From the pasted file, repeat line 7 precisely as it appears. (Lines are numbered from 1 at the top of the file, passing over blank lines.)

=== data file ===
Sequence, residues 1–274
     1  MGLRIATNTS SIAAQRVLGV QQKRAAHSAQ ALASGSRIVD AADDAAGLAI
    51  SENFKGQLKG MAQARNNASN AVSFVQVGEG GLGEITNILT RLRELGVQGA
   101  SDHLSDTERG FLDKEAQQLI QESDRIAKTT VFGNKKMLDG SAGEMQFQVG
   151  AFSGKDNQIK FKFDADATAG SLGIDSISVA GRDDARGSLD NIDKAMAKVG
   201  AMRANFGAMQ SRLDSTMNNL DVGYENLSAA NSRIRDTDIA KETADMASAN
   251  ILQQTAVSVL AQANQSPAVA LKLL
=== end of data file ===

   251  ILQQTAVSVL AQANQSPAVA LKLL